I realize I'm making a sweeping generalization here, and of course there are exceptions. Hilary Mantel picked up a slew of accolades for Wolf Hall, which had nothing to do with Men from Mars and Women from Venus and everything to do with Henry VIII and Thomas Cromwell.

More of that please.

Wednesday, March 09, 2011

Why Skyrocketing Gas Prices Are a Good Thing

I'll admit, I'm freaked out about growing older. If I spot a gray hair, I pluck it (alas, half the time it turns out to be a golden highlight). If there's a moisturizer that markets itself as age-defying, I buy it. If I had the money, I don't even like to think about what I'd do with collagen.

As much as I focus on the physical--I'm also working on my balance and strength-building--it's the financial aspect of my senior years that has me more than a little worried.

"I hope you kids have as much fun in your retirement as we're having in ours," my dad says, while he blows through my inheritance. Never mind that half his money came from his father, who never met a nickel he didn't like to hoard.

I see lots of cat food in my future.

So the other day, Dave and I decided to get our financial house in order. We met with a bona fide investment adviser--he worked in a bank and wore a tie--and tried to look smart and moderately interested as he talked about things like IRAs and annual yields and bond exposure.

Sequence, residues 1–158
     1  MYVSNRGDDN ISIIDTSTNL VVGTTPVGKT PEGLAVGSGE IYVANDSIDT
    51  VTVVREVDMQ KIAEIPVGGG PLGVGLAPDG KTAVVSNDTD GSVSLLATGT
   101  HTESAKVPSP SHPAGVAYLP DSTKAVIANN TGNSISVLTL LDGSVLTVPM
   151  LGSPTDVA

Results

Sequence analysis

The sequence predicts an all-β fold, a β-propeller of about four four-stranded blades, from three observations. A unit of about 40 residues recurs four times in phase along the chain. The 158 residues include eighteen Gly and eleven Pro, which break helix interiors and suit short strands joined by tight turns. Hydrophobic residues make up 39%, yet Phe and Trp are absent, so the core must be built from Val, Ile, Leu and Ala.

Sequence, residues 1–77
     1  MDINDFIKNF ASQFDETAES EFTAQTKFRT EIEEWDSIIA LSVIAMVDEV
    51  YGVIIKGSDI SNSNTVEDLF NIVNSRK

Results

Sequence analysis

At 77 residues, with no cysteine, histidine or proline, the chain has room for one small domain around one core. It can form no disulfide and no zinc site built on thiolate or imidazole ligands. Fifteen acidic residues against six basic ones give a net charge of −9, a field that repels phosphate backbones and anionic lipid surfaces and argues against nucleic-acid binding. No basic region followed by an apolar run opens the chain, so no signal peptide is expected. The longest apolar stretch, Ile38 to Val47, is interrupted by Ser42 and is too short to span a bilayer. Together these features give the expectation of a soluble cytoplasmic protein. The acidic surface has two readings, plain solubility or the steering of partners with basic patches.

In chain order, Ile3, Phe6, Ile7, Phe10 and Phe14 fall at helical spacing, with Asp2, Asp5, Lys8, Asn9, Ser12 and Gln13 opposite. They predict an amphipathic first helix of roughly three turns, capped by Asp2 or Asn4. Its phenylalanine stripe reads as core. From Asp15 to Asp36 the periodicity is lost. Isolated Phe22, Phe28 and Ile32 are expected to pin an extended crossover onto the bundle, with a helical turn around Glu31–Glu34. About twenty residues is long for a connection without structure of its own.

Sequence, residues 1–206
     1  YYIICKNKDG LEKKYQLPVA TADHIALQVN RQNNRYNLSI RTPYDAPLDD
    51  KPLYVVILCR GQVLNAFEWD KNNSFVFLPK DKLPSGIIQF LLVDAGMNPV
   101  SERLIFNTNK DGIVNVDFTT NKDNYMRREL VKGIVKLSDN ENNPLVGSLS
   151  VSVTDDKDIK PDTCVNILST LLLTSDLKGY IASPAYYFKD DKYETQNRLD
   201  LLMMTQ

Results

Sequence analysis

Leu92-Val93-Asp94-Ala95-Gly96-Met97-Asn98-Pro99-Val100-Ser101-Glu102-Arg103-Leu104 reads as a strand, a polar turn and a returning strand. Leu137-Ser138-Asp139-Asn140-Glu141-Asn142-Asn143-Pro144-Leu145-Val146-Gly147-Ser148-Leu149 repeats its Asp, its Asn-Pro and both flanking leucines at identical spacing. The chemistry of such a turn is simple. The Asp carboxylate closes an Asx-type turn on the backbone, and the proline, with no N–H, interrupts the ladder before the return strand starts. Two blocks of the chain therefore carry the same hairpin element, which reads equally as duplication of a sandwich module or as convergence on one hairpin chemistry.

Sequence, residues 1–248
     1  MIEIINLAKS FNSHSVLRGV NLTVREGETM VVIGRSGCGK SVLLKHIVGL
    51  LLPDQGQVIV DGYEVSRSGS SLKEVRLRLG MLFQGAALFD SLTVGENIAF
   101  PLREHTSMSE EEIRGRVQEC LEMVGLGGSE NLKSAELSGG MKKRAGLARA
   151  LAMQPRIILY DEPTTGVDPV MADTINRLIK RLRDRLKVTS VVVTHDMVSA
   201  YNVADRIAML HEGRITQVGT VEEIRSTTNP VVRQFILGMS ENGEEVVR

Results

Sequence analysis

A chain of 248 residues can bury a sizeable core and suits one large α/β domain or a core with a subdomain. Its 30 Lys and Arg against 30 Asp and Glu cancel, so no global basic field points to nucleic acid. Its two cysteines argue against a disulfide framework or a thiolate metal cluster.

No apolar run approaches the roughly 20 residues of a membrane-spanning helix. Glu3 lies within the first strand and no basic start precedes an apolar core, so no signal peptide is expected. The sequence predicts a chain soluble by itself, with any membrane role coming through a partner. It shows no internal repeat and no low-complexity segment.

He recommended a few mutual funds that might perform well for us. I hated to tell him that, frankly, us sinking our money into anything is a near certain guarantee it will tank overnight: I'm pretty sure we're the only people who didn't make money hand over fist in the late '90s; the original owners of our condo realized a 50% profit in 2 years and we...well, I don't have to tell you about the real estate climate. The only stock I ever owned outright was in a newspaper company. Hah, joke's on me.

Still, as The Adviser scrolled through his charts and graphs, it was hard not to swoon over funds that with past-year growth in the 20% range were as attractive as George Clooney in a tuxedo (forget 5-year averages of 3%, which are like George Clooney in a beard and fat suit). We could be rich! So long cat food and pass the caviar.

The thing is, as we delved deeper into our potential holdings, we found where the money was being made. While most of the funds were incredibly diversified, with rarely more than 5% invested in any one sector, almost all had oil at the top of their list.

"It's a good time to be in oil," The Adviser joked with a dorky guffaw that suggested why he'd been banished to an outlying branch of this particular financial institution rather than afforded a corner office at central headquarters.